They dance on the walls and they sprint ’cross the rugs
For eight gorgeous eyes and for eight-leggèd hugs.

Little Miss Schneiders has always loved spiders –
They’re bigger than beetles and faster than slugs !




autumn avenue bench fall
Photo by Pixabay on



Birds are flocking,
Doors are locking,
Autumn’s knocking once again.
Seeds are podding,
Berries nodding,
Workers plodding from the train.
Skies are frowning,
Leaves are browning,
Hats are crowning, coats are on.
Days are cooling,
Rains are pooling,
Kids are schooling –
Summer’s gone.



The Memes that Mark our Being

jasper alina kevin niklas write on chalkboard
Photo by Flash Bros on


The Memes that Mark our Being

They’re funny things, are names,
As they rise and fall with fashion,
And so fluky in their claims
For what newborns they can ration
From the finite pool of name-less youths
To whom they shall be handed –
To turn them into Bens and Ruths,
And leave them tagged and branded.
And sometimes from colloquial obscurity
Comes suddenly a surge into maturity,
As sweeping ’cross the country comes
The choice of sev’ral-thousand mums.
And maybe just as quickly as they flourished,
So we find them lost and undernourished:
Out-of-date and oft a joke,
Just withered names on withered folk.
They’re funny things, are names:
They’re just sounds and signs and smoke.



My First Imperial Adventure



My First Imperial Adventure

As a child, I loved to pore
Upon an atlas like a book.
The early chapters laid out Europe,
Where I knew it’s ev’ry nook.
Later on came Africa or Asia,
I forget which first.
The other next, then North, then South America
Would be traversed.
Oceania bringing up the rear,
And scattered islands next,
With local names italicised beside
The faithful English text.
That was the story’s climax, now the coda –
Now the final pair of plates –
The Arctic, then the Ant, in round tableaux,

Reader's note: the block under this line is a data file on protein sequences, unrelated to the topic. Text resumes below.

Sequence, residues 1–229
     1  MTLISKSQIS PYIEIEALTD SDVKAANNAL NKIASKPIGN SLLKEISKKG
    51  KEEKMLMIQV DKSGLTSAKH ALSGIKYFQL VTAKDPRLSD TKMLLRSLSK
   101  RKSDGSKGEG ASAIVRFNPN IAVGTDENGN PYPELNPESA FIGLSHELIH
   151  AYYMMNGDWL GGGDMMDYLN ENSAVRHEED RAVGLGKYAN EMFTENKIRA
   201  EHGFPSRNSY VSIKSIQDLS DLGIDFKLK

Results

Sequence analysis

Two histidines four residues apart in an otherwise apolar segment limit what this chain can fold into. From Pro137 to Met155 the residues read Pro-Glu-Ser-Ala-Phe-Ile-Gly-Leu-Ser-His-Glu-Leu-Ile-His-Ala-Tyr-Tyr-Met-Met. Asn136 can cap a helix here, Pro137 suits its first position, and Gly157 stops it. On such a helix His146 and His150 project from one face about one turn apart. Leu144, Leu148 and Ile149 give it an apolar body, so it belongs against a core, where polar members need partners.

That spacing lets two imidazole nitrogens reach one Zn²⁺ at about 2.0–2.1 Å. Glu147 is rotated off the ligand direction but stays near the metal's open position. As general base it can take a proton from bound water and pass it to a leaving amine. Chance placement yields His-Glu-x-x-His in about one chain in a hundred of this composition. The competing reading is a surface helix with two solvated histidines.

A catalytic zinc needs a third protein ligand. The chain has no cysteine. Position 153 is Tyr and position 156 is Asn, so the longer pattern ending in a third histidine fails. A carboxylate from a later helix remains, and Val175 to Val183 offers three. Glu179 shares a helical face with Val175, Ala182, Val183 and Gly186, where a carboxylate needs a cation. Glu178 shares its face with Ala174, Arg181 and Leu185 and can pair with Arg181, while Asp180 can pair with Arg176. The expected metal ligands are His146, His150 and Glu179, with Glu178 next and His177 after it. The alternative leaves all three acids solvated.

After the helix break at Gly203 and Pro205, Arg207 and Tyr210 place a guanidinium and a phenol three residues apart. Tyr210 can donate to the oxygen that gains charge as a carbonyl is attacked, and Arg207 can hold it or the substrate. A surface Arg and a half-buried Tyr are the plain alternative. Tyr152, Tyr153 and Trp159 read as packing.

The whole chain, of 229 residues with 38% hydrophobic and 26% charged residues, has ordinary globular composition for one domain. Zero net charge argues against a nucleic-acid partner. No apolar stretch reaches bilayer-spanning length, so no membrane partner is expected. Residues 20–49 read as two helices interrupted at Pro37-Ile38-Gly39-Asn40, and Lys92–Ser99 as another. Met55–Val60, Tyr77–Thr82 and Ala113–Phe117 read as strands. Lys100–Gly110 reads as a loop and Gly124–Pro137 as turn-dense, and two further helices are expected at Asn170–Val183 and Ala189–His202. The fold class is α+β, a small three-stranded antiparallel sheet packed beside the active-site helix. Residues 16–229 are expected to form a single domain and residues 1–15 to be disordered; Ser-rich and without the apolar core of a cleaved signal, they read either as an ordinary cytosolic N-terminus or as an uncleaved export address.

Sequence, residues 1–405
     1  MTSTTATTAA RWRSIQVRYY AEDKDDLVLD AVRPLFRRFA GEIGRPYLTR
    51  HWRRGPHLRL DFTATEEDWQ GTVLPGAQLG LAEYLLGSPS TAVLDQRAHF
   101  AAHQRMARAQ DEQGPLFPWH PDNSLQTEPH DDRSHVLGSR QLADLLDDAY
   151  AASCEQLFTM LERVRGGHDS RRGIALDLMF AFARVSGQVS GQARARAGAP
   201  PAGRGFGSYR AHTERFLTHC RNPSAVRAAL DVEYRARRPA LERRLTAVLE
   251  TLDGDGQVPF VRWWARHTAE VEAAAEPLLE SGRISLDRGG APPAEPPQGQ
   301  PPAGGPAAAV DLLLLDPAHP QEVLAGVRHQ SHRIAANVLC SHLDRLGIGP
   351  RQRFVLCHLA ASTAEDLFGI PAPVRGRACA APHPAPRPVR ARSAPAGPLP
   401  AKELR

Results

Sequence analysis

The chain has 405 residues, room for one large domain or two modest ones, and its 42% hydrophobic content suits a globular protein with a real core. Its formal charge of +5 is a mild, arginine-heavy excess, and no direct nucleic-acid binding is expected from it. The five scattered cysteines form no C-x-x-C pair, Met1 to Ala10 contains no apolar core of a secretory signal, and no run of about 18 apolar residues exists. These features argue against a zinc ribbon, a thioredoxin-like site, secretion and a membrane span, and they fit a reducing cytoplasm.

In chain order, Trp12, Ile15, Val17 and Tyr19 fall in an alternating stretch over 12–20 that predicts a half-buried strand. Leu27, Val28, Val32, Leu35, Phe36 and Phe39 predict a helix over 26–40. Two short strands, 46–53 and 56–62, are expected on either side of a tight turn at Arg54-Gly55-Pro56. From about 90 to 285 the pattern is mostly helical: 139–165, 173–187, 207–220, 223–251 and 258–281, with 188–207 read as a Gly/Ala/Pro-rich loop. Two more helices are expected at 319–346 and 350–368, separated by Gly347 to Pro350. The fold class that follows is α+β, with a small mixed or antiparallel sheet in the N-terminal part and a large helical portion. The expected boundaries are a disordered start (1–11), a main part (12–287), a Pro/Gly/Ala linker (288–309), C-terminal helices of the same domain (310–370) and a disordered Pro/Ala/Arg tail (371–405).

The Baring and Magellan Straits.

Antarctica, to my surprise,
Had place-name labels scattered round –
The Ross Ice Shelf and Ellsworth Mountains,
Kemp Land, and McMurdo Sound.
Such British names !  The Arctic, though, was foreign –
Though I’d love to think
How Queen Victoria might send
The Royal Navy out to turn it pink.
Take Greenland, with its Anglo-Saxon name –
From Cape Farewell down in the South,
On through Discov’ry Bay to Upper Tooley,
And out East there’s Scoresby Mouth.
The Viceroy has his Residence in Goodhope,
With the inevitable railway lines –
Heading South to Hope St Julian,
Through Greenvale and the Squarehill mines.

And heading North on the Great Green Line,
With a branch and boat-train out to Sugar Top,
And via Lower Streamouth aerodrome,
To Foxborough – which once was the final stop,
Until the junction to Jacob’s Harbour,
(Ferries to Goodhaven from the pleasure pier),
Then the final push to Springfield Isle,
On viaducts of steel that we’d engineer.
Of course, in time the Esquimaux would learn
The ways of cricket and the bowler hat,
And in later years, there’s some would settle down
In Blighty, in a council flat
In Ashford, Accrington and Aberdeen,
To drive the buses and newspaper stands,
Opening churches, opening restaurants,
Marrying the local girls and forming bands.

I know, I know, so many problems
Unthought-out in the fantasy of a kid.
Just as well it never happened –
And yet…on a parallel Earth, it probably did.